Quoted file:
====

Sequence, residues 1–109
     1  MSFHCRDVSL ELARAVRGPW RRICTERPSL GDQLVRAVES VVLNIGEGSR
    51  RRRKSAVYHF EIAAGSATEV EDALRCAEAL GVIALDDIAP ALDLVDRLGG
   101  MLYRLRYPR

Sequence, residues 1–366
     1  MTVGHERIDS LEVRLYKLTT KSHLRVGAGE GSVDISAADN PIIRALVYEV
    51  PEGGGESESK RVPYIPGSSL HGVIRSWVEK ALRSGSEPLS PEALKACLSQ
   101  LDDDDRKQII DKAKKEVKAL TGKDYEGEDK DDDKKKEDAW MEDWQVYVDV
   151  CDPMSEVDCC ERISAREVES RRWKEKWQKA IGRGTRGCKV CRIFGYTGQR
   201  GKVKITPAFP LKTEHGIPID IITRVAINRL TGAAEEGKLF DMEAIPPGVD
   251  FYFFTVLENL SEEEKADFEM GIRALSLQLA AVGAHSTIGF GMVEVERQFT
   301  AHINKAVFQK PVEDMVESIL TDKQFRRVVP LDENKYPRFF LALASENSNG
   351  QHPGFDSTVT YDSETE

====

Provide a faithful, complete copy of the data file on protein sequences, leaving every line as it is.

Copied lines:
Sequence, residues 1–109
     1  MSFHCRDVSL ELARAVRGPW RRICTERPSL GDQLVRAVES VVLNIGEGSR
    51  RRRKSAVYHF EIAAGSATEV EDALRCAEAL GVIALDDIAP ALDLVDRLGG
   101  MLYRLRYPR

Sequence, residues 1–366
     1  MTVGHERIDS LEVRLYKLTT KSHLRVGAGE GSVDISAADN PIIRALVYEV
    51  PEGGGESESK RVPYIPGSSL HGVIRSWVEK ALRSGSEPLS PEALKACLSQ
   101  LDDDDRKQII DKAKKEVKAL TGKDYEGEDK DDDKKKEDAW MEDWQVYVDV
   151  CDPMSEVDCC ERISAREVES RRWKEKWQKA IGRGTRGCKV CRIFGYTGQR
   201  GKVKITPAFP LKTEHGIPID IITRVAINRL TGAAEEGKLF DMEAIPPGVD
   251  FYFFTVLENL SEEEKADFEM GIRALSLQLA AVGAHSTIGF GMVEVERQFT
   301  AHINKAVFQK PVEDMVESIL TDKQFRRVVP LDENKYPRFF LALASENSNG
   351  QHPGFDSTVT YDSETE